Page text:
It’s been almost two weeks since a Florida high school was shot up. I avoided the news for a while, mainly because the reports are too depressing. Well past the midway point of a grey February, the political frenzies after these things seem to make the days darker when they’re actually getting brighter. It became even greyer yet when some Christian leaders were swept up in the frenzies.
When there’s a mass slaughter and a pastor’s first instinct is to call for government gun control we have a problem. That instinct betrays a false hope and a misplaced blame, which essentially come from the wrong priority.
The impulse to cry out to government for a solution exposes the heart. If I hit my thumb with a hammer and curse, that tells me something. The curse was my impulse. If the plague kills a quarter of the population and my first impulse is to cry that doctors should do something, that tells me doctors are my first hope. If I’m starving in Sinai’s desert and my first impulse is to turn back to Pharaoh, that tells me I think Pharaoh is my saviour. Do you see where this goes? If a group of kids are shot and my first impulse is to tell people to cry to the government for gun control, that tells me my first hope is government-control. Really, my first impulse should be a prayer to God, not a prayer to Caesar.
Not only does a first impulse to cry to the government for gun control expose where I place my hope, but it also exposes where I place the blame. It says “I blame guns.” Guns have always been here, at least since I can remember. And since my dad can remember. And since my grandfather can remember. For several hundred years we’ve had guns. At 17 years of age my grandfather enlisted in the service and was issued a gun. My wife’s father grew up on a Saskatchewan farm: He hunted rabbits as an eight year old boy without adult supervision, and with a gun. I know countless farmers who use guns. I know police officers who carry guns. I know tradesmen, business owners, and pastors who own guns. And they don’t open fire on high school students. The guns they own are not the problem. Murderers are. The instinct to cry out against guns is like an instinct to cry out against matches after an arson torches a building and kills a family. It misplaces the blame. Owning a weapon is not sin, and neither is manufacturing weapons, purchasing weapons, or advocating for the right to bear weapons. Murder is sin. If you want to blame someone, blame the murderer.
Guns have been around for hundreds of years, but school shootings haven’t. I remember Columbine. We still talk about Columbine, but I can’t even remember the name of the Florida high school shot up two weeks ago. Twenty years ago this was shocking and bad news. Now it’s just bad news. Guns aren’t new. But school shootings, comparatively, are. What else is comparatively new? The number of fatherless homes, the availability and variety of porn, the normalization of a hook-up culture, the abortion culture, the increase in usage of mind-altering drugs (whether medically prescribed or illegal), the intentional dechristianization of Western culture, the increased level of violence in entertainment, the emasculation of men, the relativization of morality, doctor assisted suicide, and the expansion of the welfare state. As those things have increased so have school shootings. The Bible promises that we reap what we sow. If a society sows sin, it reaps death. If it sows righteousness, it reaps life. Guns have been around for centuries. School shootings haven’t. Sow sin. Reap death.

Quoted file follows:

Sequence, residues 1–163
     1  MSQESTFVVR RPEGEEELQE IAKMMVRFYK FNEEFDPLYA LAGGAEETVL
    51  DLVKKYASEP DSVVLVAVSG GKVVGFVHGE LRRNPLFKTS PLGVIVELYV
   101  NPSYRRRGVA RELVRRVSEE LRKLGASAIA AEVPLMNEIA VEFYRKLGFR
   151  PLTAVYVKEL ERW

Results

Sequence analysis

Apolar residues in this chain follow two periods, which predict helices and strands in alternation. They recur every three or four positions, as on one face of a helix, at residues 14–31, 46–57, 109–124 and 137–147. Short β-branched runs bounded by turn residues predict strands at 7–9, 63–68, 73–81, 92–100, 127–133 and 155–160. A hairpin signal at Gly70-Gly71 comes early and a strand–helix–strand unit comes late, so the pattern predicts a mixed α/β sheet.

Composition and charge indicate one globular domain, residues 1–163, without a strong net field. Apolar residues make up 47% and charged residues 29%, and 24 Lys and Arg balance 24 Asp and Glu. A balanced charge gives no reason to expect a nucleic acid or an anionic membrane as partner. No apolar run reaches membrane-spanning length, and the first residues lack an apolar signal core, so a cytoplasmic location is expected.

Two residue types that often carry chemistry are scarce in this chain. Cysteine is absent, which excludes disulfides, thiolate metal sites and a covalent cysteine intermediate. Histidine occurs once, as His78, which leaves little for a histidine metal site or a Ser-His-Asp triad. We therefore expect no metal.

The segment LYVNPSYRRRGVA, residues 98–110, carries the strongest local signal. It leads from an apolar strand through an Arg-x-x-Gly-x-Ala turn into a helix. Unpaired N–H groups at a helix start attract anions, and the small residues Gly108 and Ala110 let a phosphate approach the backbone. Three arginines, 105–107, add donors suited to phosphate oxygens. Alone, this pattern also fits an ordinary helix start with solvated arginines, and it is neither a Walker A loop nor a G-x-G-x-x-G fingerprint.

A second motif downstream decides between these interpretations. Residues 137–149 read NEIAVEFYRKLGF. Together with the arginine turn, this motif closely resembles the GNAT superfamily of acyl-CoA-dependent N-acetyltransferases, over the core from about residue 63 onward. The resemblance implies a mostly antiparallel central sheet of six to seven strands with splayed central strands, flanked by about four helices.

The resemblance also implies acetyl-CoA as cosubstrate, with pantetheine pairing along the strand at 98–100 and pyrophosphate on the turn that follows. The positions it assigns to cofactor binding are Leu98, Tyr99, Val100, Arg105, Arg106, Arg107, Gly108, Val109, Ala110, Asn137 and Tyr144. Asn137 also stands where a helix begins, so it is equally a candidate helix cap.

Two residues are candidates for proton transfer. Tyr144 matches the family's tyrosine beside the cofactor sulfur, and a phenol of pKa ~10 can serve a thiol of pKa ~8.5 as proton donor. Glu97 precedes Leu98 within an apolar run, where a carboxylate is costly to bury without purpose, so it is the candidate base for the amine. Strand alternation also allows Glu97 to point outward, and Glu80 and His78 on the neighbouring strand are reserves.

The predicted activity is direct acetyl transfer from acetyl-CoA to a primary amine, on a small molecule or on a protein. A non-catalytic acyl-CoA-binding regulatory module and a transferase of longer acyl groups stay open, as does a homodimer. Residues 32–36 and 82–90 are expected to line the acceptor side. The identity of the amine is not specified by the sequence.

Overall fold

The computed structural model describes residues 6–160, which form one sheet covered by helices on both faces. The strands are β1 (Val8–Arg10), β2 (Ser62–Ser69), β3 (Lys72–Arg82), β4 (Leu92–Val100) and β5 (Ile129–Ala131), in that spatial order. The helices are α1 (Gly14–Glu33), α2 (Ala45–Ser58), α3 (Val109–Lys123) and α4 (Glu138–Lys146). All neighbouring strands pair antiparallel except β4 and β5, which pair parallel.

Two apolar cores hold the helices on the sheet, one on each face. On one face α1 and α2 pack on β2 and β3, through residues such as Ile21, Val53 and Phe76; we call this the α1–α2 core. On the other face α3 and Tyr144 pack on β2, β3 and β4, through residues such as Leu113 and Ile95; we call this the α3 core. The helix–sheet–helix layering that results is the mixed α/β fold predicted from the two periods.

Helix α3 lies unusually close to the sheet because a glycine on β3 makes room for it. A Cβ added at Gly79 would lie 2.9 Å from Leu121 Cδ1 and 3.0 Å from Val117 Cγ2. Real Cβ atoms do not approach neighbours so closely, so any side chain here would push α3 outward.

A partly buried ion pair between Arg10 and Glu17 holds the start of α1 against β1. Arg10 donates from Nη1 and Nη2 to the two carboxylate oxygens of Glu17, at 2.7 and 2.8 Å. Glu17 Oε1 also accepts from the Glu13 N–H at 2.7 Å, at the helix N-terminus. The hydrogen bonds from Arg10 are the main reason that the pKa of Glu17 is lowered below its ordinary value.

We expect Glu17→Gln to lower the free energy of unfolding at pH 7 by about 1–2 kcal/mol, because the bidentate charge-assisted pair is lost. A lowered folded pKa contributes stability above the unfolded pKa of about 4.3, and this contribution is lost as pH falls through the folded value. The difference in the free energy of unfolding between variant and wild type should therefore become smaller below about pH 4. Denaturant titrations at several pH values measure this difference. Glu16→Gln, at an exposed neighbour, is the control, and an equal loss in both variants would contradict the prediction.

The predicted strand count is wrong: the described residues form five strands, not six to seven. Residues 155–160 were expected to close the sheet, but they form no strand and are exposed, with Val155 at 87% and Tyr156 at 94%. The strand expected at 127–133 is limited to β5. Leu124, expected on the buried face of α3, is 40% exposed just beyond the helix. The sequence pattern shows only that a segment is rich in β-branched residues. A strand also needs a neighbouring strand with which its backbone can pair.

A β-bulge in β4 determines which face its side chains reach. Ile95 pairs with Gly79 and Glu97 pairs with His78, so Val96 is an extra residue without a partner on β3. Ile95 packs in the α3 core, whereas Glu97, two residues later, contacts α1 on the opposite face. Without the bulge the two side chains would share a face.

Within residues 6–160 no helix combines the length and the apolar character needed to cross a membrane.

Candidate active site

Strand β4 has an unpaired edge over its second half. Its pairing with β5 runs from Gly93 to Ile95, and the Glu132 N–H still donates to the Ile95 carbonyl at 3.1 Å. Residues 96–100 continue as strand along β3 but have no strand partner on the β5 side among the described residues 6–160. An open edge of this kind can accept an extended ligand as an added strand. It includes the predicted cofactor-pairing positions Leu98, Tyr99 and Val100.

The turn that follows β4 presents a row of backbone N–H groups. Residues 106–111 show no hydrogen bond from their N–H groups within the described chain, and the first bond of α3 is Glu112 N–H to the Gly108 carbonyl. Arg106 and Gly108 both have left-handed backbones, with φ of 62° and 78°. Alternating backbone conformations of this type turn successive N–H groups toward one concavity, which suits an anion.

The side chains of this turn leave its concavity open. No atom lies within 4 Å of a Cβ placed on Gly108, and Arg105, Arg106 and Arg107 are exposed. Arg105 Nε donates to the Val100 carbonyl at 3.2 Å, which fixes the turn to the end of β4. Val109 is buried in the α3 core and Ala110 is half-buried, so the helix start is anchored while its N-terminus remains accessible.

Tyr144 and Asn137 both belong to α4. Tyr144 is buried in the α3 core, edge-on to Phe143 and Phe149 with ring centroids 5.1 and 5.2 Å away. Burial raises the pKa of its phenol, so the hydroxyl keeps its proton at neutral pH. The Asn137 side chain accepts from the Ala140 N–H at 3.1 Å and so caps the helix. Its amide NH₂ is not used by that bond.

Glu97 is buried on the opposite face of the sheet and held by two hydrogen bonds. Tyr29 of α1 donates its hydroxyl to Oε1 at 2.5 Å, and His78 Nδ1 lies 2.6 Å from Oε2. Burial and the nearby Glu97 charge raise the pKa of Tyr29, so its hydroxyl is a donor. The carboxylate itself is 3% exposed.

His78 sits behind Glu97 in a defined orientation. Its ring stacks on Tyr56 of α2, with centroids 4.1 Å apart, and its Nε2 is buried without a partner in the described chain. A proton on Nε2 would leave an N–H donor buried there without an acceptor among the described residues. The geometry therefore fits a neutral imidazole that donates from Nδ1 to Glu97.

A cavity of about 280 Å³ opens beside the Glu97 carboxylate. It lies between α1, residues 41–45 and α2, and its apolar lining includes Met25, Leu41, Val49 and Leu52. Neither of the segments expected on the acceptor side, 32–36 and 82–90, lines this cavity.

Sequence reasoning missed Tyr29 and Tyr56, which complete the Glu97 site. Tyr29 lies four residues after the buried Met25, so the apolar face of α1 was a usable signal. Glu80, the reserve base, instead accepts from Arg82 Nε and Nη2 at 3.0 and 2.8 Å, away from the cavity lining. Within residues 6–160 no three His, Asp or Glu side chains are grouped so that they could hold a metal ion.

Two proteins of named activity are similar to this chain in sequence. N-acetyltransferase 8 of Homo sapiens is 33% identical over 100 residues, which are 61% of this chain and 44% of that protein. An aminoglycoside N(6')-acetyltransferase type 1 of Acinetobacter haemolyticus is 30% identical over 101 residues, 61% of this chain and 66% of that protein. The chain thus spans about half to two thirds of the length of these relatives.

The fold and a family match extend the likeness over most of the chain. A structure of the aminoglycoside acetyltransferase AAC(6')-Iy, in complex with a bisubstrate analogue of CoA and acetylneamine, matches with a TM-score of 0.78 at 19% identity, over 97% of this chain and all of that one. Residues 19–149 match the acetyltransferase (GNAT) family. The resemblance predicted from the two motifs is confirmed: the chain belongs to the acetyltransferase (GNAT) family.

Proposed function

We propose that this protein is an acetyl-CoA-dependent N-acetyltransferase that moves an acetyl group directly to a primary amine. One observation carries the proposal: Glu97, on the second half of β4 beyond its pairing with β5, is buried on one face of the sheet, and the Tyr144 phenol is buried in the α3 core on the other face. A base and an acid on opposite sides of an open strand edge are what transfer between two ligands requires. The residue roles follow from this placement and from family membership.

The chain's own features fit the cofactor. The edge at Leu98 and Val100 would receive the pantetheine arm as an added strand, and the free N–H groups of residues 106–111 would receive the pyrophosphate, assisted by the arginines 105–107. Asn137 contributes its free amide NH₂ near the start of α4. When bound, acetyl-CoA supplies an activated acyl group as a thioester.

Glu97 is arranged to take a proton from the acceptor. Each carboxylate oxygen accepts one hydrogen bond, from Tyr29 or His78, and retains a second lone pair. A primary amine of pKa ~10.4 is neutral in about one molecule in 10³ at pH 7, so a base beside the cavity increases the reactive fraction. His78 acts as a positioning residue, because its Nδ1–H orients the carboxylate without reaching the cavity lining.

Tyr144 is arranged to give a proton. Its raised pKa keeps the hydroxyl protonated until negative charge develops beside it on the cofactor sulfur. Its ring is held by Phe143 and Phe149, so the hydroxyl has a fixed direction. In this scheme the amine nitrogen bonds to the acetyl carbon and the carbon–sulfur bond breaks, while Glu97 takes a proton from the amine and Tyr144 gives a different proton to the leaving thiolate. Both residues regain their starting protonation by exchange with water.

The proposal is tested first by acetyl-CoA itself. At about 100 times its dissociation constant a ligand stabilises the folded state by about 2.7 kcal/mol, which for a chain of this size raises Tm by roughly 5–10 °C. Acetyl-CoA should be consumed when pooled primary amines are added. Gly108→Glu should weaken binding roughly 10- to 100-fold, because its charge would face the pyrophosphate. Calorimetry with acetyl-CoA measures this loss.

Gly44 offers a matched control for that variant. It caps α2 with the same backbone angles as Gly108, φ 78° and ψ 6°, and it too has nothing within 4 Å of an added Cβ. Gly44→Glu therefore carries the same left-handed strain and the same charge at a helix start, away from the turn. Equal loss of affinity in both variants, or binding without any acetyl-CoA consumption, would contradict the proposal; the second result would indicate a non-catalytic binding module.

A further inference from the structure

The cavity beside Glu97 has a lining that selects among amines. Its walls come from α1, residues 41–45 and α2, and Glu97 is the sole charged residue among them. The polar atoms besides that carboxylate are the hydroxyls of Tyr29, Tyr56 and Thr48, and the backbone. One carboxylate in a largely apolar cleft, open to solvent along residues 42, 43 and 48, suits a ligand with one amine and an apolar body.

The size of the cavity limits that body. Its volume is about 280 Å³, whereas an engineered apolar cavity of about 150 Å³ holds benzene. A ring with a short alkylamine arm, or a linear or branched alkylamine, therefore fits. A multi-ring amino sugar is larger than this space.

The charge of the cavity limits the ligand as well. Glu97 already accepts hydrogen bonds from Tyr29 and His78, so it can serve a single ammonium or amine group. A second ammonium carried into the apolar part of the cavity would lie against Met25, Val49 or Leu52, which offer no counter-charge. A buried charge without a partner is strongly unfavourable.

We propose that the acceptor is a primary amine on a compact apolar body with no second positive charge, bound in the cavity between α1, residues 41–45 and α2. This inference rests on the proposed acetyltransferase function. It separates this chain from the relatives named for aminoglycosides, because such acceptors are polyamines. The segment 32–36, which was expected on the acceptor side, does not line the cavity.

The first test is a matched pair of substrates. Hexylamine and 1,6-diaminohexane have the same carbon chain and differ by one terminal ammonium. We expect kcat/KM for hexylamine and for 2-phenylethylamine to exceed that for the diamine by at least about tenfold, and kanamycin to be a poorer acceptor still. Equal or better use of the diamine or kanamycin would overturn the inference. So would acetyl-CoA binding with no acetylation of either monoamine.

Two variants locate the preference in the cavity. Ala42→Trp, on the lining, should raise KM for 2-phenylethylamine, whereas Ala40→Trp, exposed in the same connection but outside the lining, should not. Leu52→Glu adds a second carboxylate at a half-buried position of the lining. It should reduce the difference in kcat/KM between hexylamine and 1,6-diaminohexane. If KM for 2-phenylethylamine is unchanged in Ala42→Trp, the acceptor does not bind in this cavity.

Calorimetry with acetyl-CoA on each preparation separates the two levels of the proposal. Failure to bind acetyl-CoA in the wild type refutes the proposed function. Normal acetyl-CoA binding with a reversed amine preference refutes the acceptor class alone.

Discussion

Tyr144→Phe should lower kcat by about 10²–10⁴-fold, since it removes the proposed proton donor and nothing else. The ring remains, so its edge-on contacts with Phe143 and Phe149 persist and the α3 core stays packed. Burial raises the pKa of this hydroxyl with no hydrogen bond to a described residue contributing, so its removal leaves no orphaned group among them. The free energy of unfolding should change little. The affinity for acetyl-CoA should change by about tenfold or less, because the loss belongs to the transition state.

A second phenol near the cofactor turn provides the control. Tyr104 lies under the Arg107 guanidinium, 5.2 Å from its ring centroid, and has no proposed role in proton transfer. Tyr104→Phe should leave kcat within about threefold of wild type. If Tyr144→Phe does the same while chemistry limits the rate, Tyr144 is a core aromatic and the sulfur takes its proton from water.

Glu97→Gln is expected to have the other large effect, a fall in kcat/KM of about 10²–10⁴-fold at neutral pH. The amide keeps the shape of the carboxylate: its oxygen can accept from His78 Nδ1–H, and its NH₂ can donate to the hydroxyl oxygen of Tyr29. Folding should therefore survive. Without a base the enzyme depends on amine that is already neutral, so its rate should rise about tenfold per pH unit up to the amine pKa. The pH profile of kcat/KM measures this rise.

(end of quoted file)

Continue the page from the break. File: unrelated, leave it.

The Bible teaches that swords will one day be beaten into ploughshares. Here’s what’s really great about that: The One who will beat the swords into ploughshares is the Saviour of the world. And that Saviour is not the government. His Name is Jesus, not Caesar. Jesus. Until the Saviour returns weapons will be as necessary as ploughshares. Here’s my point: Government is not the Saviour. Jesus is.
When the news of a massacre prompts us to instinctively first call for gun control we’ve revealed a few things in the instinct. First, we’ve revealed an instinct to look to Caesar first, not to Jesus. Second, we’ve blamed the gun, not the murderer. Third, we’ve missed an opportunity to offer life in Christ to a culture of death — a culture of death that is now reaping death.
When news spread that Pilate had massacred a group of Galileans, some folks asked Jesus about it. Instinctively, he told them to repent, lest they all likewise perish (Luke 13:1-5). Instinctively, He pointed them to God, not Caesar. That’s the right instinct.
I’m not saying there is no place for reasonable restrictions on gun-ownership or gun sales. Nor am I here suggesting what constitutes a reasonable restriction. That’s for another article. I am saying that an instinctive hope in government control is a bad instinct and a misplaced hope.
“Unless the LORD watches over the city, the watchman stays awake in vain” (Psalm 127:2). Without the fear of God, your gun laws are worthless. With the fear of God, the 6th commandment will likely suffice. Seventeen people were murdered as soft targets at a Florida school. Repent, lest you all likewise perish.